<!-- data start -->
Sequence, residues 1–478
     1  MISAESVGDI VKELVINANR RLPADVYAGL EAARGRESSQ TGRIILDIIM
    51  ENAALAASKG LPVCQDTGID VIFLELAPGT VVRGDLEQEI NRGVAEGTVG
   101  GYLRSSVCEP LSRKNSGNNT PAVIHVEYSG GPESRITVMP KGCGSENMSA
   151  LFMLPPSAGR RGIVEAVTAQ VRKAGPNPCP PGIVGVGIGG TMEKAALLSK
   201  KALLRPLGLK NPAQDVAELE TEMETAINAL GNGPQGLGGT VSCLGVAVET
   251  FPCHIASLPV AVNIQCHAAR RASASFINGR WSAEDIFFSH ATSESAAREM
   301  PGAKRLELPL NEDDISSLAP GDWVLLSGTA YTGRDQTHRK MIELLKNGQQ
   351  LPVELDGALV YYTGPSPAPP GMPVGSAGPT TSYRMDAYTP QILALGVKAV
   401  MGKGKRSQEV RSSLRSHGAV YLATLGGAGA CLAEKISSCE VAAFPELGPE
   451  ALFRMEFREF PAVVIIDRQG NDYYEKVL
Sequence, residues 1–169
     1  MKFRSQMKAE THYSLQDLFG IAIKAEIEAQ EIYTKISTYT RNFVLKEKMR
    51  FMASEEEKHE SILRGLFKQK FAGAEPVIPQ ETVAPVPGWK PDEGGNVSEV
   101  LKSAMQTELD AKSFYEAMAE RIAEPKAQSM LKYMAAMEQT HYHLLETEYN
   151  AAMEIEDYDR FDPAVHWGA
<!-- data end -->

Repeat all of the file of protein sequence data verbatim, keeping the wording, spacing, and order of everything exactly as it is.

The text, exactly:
Sequence, residues 1–478
     1  MISAESVGDI VKELVINANR RLPADVYAGL EAARGRESSQ TGRIILDIIM
    51  ENAALAASKG LPVCQDTGID VIFLELAPGT VVRGDLEQEI NRGVAEGTVG
   101  GYLRSSVCEP LSRKNSGNNT PAVIHVEYSG GPESRITVMP KGCGSENMSA
   151  LFMLPPSAGR RGIVEAVTAQ VRKAGPNPCP PGIVGVGIGG TMEKAALLSK
   201  KALLRPLGLK NPAQDVAELE TEMETAINAL GNGPQGLGGT VSCLGVAVET
   251  FPCHIASLPV AVNIQCHAAR RASASFINGR WSAEDIFFSH ATSESAAREM
   301  PGAKRLELPL NEDDISSLAP GDWVLLSGTA YTGRDQTHRK MIELLKNGQQ
   351  LPVELDGALV YYTGPSPAPP GMPVGSAGPT TSYRMDAYTP QILALGVKAV
   401  MGKGKRSQEV RSSLRSHGAV YLATLGGAGA CLAEKISSCE VAAFPELGPE
   451  ALFRMEFREF PAVVIIDRQG NDYYEKVL
Sequence, residues 1–169
     1  MKFRSQMKAE THYSLQDLFG IAIKAEIEAQ EIYTKISTYT RNFVLKEKMR
    51  FMASEEEKHE SILRGLFKQK FAGAEPVIPQ ETVAPVPGWK PDEGGNVSEV
   101  LKSAMQTELD AKSFYEAMAE RIAEPKAQSM LKYMAAMEQT HYHLLETEYN
   151  AAMEIEDYDR FDPAVHWGA